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Bitter Lessons Learned: Aftermath of Azerbaijanís Blitz Attack

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#1 onjig



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Posted 24 August 2016 - 12:46 AM


The site of the downed helicopter in Artsakh


The soul from within the body was calling, saying
“Do not lose your time anymore,
Your sacred memory has been written in heaven
Mountains and valleys are on the attack 
They are coming at you, to trample you under their feet
But your bravery, and the powers from heaven
In this world will leave your name
That love and faith, and the loyalty towards the homeland
Are so powerful and magnificent
That one can destroy a thousand
Two can break, vanquish the multitude”
They called on each other, gave heart to each other,
Took the blessing, and went ahead

Khatchadour Apovian, “Verk Hayastani”

The four day war in Nagorno-Karabakh is barely over. There is an uneasy and temporary lull in the fighting. It is supposed to be a ceasefire. Until next time. The people of Artsakh and Armenia are in mourning. They are burying our fallen heroes and taking care of the injured. We need to take note of where we went wrong. Were we truly ready for this kind of an all-out onslaught? It is a painful process and maybe it is premature for this assessment, but it needs to be done at all levels. We have to identify the weaknesses in our political and military leadership, in addition to the failures of our foreign ministry. Further, a frank reassessment and re-evaluation of our true friends and allies is needed.

Several questions keep lingering: Why were we caught by surprise? Is there a deficiency in our intelligence gathering? Why didn’t the Russians or the US notify us prior to such an attack? Both Russia and the US must have been aware of this attack due to Azerbeijani tanks, armor, grad missile systems, as well as army concentrations amassed at the line of contact. One can assume that Russia has both the means and the capability to monitor such movements. The same can be said for the capabilities of the US. It is Russia that sold five billion in sophisticated weaponry to Azerbaijan, but never delivered the two hundred million dollars’ worth of weapons promised to Armenia. Finally, Russia never intervened in the fighting.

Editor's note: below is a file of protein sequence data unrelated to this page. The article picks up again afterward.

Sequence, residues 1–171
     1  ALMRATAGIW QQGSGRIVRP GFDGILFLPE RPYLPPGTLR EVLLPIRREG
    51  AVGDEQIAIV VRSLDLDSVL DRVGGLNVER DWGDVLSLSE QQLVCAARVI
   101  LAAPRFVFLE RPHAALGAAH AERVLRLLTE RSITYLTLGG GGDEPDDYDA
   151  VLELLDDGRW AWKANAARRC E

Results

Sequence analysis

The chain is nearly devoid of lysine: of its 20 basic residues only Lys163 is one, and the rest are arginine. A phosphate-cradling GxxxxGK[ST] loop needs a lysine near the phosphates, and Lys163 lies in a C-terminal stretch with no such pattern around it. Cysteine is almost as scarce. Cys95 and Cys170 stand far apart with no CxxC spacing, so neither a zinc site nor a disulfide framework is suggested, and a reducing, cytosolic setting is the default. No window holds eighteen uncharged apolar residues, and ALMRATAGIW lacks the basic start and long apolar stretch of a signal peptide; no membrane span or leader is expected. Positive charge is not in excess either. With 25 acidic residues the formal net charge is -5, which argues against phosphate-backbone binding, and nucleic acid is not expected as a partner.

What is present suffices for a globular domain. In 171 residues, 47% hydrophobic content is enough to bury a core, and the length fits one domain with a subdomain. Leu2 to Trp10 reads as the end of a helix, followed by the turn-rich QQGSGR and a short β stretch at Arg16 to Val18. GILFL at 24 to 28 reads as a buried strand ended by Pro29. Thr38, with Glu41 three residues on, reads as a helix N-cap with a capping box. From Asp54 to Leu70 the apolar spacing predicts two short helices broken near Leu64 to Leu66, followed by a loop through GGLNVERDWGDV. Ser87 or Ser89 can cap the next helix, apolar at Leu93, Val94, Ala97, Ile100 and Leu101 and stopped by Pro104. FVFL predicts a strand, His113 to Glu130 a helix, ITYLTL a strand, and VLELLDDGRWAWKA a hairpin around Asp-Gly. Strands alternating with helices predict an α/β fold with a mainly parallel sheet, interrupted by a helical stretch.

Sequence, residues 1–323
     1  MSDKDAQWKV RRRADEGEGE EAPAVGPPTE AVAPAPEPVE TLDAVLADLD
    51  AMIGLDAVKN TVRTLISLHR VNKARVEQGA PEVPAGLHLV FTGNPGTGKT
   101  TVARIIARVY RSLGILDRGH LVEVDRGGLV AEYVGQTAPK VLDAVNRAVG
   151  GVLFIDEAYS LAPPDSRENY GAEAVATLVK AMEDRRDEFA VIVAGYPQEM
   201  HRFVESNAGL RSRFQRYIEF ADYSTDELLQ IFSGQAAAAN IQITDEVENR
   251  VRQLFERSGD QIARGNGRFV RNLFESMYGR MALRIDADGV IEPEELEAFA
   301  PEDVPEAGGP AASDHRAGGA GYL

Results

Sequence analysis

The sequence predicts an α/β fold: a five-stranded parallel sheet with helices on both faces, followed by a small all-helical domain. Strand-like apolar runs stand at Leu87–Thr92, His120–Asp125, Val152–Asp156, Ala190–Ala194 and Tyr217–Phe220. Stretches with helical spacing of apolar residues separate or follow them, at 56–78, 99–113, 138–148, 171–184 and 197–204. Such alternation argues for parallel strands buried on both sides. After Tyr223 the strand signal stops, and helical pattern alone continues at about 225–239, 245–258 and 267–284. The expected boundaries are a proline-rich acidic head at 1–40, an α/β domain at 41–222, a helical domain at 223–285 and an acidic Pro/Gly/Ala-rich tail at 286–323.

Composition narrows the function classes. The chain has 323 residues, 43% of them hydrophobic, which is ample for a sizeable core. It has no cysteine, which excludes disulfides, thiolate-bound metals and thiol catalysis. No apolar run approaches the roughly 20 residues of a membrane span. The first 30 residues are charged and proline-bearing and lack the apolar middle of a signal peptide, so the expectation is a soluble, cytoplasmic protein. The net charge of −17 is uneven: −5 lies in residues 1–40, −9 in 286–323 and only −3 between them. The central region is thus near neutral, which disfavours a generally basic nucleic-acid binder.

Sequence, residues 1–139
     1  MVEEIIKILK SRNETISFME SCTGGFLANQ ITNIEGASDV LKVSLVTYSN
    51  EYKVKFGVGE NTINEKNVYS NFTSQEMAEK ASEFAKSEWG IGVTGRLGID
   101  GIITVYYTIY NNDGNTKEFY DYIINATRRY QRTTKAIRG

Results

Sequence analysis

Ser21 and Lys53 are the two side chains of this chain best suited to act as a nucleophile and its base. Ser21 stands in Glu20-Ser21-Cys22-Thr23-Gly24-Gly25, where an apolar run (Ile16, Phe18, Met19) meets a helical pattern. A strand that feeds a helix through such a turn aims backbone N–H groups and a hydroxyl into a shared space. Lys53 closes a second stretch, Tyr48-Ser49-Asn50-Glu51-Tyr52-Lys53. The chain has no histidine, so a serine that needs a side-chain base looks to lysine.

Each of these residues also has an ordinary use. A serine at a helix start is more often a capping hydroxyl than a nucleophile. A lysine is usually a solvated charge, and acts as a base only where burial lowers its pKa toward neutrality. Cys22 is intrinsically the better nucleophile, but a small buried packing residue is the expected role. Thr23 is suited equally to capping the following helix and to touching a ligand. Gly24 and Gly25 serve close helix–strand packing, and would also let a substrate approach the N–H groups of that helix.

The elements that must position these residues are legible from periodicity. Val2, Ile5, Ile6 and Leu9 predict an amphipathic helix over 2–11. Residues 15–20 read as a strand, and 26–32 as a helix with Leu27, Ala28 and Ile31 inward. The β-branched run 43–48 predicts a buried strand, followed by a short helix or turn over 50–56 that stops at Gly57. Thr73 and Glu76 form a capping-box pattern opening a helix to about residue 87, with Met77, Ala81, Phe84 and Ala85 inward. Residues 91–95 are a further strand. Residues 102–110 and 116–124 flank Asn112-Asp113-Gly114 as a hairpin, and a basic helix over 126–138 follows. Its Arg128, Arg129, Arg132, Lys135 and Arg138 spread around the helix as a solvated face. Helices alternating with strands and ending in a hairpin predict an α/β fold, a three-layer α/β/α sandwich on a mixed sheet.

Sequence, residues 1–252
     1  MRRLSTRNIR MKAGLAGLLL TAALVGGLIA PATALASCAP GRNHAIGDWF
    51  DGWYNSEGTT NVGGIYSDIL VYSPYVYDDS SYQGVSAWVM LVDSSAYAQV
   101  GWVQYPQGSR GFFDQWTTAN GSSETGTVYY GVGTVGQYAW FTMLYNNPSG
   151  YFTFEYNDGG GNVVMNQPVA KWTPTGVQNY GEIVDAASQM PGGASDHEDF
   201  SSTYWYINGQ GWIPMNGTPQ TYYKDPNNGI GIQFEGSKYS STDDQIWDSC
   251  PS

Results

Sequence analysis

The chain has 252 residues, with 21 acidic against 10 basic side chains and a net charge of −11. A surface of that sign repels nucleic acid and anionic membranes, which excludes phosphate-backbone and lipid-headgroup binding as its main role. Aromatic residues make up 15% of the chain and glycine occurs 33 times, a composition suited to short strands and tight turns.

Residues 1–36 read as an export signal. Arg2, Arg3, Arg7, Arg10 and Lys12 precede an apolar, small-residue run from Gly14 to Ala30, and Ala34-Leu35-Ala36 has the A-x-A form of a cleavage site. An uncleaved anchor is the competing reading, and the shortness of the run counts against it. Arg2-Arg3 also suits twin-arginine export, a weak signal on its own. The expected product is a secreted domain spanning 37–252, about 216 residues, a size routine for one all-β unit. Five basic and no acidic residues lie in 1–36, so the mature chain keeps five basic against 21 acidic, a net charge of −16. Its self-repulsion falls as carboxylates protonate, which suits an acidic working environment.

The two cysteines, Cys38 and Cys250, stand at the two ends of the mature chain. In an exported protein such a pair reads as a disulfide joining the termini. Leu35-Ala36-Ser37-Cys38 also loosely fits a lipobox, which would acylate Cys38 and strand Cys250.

There needs to be a course correction by the Armenian government and those in power who failed to anticipate the situation need to be replaced for their complacency. In addition, the leadership in Armenia needs to take a serious look at our failures in foreign policy: the lack of any movement in the recognition of Nagorno-Karabakh worldwide and our inability to counter Azeri falsifications regarding the conflict. Apparently we did not anticipate and were not ready for such an all out assault.

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Edited by onjig, 24 August 2016 - 12:47 AM.

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